Writing for TV is complicated. As I mentioned in Part One of Writing a TV Spec Script, it’s very difficult to break into the TV writing business. Besides having to move to L.A. (where the bulk of TV writing actually happens), get an agent, meet with producers, and get your script sold, you actually have to write a really good TV spec script.
As I mentioned in Part One, a TV spec script is a script of a TV show (currently on the air and popular/critically acclaimed) that you write in order to show your chops in writing in a prescribed environment. Whenever you’re writing for TV, comics, or even films within a franchise (think Marvel or Wizarding World), you must accommodate the show or Intellectual Property (IP).
Part Two is designed to elaborate more on what it means to write a TV spec script and how to acclimate yourself into the process. It will also elaborate on some components of TV writing.
If anything needs clarification, please don’t hesitate to shoot me an email.
“It is true that, with TV, a writer gets a great deal more respect.” – Jon Spaihts
Because we already started this process in part one, let’s reiterate the importance of research. If you’re going to write for a show that you didn’t create, you’re going to have to know the flow of the show, how the characters interact with one another, how long each act is on the page and on screen, and a whole host of big and small details. This isn’t your show, so you must adapt to the norms already put into place.
Also, you have to make a promise not to change any major part of the show in your spec script. Essentially, you can’t kill a character, divorce a married couple, change a career for a character, or write any other major life changes in the script.
There is an exception, however. If you return things to normal by the end of the end of the episode, there’s no harm done. Think of comedies where characters get married for an episode or someone changes jobs only to return to their old one by the end. All BIG changes go through the Showrunner and Executive Producer(s). This rule also applies to “new” characters that you plan to introduce.
If you haven’t read a single script of the show you’re writing a spec for, take the time NOW to use Google (or another search engine) to find actual scripts to read. Take note of the following elements in the script(s) as you read:
· Number of Acts per episode
· Number of Pages per script
· Number of Pages per Cold Open/Teaser (if applicable)
· Number of Pages per Act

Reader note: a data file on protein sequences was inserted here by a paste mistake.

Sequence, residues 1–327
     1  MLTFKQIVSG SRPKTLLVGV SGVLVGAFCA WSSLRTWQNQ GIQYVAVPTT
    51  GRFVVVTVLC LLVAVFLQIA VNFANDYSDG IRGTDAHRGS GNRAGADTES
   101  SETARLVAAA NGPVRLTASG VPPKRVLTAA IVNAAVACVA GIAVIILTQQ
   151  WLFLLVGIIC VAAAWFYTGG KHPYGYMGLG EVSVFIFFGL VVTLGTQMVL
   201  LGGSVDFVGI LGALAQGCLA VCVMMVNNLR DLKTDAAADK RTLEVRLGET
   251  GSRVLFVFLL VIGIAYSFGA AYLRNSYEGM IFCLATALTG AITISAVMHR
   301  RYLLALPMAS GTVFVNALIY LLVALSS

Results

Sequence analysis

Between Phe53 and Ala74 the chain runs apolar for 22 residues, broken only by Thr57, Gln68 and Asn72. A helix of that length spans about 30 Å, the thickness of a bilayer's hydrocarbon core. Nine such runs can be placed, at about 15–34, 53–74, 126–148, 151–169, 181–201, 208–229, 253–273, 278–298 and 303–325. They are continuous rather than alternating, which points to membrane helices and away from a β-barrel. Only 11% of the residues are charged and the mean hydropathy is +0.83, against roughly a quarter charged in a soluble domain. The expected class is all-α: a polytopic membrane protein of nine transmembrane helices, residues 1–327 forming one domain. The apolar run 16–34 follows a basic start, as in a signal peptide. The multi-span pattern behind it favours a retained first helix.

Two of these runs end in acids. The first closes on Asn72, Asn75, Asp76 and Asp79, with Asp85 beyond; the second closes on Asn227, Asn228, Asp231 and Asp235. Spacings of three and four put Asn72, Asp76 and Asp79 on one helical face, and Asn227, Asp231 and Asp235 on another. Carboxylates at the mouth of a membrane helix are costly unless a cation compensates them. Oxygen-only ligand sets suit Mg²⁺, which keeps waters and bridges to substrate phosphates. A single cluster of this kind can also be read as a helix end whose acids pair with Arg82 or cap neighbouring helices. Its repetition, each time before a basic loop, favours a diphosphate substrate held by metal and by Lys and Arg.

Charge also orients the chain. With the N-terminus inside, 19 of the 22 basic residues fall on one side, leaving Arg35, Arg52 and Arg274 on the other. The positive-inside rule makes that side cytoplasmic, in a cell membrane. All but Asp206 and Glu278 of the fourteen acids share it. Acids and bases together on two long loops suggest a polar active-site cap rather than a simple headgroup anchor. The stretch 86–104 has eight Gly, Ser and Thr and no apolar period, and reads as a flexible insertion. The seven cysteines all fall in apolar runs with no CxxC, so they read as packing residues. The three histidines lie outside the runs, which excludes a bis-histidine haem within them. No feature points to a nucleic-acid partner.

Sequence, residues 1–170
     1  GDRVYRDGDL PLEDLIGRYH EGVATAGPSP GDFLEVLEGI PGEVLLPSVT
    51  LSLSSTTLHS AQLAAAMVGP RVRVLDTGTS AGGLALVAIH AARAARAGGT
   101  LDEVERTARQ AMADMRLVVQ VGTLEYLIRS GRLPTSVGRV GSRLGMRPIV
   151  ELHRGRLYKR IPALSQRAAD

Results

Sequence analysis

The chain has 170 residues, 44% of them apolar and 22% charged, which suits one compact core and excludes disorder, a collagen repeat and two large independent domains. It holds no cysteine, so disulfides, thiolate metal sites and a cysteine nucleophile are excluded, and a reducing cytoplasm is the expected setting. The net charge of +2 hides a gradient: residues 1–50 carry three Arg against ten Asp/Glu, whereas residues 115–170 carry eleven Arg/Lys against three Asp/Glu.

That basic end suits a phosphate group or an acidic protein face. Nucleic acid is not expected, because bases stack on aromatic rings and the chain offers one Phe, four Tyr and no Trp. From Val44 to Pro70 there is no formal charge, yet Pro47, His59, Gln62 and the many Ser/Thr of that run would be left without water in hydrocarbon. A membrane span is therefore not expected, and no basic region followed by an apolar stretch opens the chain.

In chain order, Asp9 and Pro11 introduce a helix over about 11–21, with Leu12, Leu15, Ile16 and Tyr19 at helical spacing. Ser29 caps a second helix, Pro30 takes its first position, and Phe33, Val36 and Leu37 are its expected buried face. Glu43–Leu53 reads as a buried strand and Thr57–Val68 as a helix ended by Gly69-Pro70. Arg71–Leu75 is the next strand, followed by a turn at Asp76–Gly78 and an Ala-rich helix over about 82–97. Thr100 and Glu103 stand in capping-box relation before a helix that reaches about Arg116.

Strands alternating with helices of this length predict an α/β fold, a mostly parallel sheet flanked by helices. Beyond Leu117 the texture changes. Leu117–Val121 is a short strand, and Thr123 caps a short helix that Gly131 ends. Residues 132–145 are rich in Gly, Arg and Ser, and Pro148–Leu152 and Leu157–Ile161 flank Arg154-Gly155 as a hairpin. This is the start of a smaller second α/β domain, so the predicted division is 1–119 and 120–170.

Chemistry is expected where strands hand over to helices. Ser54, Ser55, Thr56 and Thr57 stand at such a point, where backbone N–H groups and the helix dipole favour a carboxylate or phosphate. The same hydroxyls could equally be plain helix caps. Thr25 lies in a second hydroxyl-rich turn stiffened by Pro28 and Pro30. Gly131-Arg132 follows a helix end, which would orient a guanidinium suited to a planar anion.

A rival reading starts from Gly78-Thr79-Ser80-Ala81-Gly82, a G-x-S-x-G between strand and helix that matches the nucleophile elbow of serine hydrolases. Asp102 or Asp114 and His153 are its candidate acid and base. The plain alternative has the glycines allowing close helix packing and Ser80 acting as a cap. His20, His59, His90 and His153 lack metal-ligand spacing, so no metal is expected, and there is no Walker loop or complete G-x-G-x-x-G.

· Number of Pages per Tag
· Number of Scenes per Cold Open/Teaser, Act, & Tag
· Location of opening scenes and closing scenes
· Who is in opening scenes and closing scenes
Write all this information down as you read, so you can have an idea of a what a typical script looks like for the show you’re writing a spec script for. If you would like something to fill in, you can click here to you use the chart provided for this warm-up.
If you’re not exactly sure what to put down, just do your best.
“Ditch the dream and be a doer.” – Shonda Rhimes
The Writing Process
Create A Beat Sheet
The graphic above is what TV writers call a beat sheet. The best way to prepare yourself for the writing process is by writing up a beat sheet. Believe it or not, before any episode is written for a TV show, a beat sheet is created. So, it is prudent that you learn how to write a beat sheet if you want to be a TV writer.
In a writer’s room on a show, the writers bounce ideas off each other for the next episode. A beat sheet is written and then approved. Then the script is written. What a beat sheet outlines is each major dramatic beat in a scene.
After you’ve read several scripts of the show you’re writing a spec for, break down the script. Hopefully you did the warm-up exercise. Start with the number of acts. An act in TV coincides with each commercial break. Also determine whether the script has a cold open/teaser and/or tag.
Here's an example of how a show might be set up. It's probably a sitcom with the "Cold Open".
Teasers/Cold Opens occur before the first act (the naming of this scene is based off the show). Generally, comedies have Cold Opens and dramas have Teasers.
Tags occur after the final act and sometimes along with closing credits. Make sure you take note of these elements when you read the scripts.
Note that that each act or cold open/teaser and/or tag is labeled. The look of that label depends on the show:
ACT I or ACT I or ACT I
You must also know how many scenes occur within each act. Each scene begins with a new slugline:
INT. BRIEFING ROOM – DAY
If you count the number of times a new slugline is created, you can determine the number of scenes in any given film or TV script.
Within those scenes are the beats that move the story forward. You won’t be writing your clever jokes or dialogue on a beat sheet. Just provide the broad strokes like in the example above.
By the end of your writing process, your script should not exceed the normal page count of the show you are writing a spec for. Don’t go over and don’t come in under the average page count.
Play The Juggling Act
The beat sheet above features the title of the show, the name of the episode, and the author. Below that information is the description of each plot that occurs in the episode. Each TV show has a number of “plots” that occur in each episode. Generally, there are 2, or 3, or 4 separate storylines playing out throughout each episode.
Each plot is given a certain priority. The A-Plot is the most prominent plot in the episode. Audiences will see this particular story play out the most in the episode. The B-Plot and the C-Plot are secondary and tertiary respectfully. Sometimes a show may have a D-Plot. You, as the TV writer, must be able to show that you can juggle these storylines.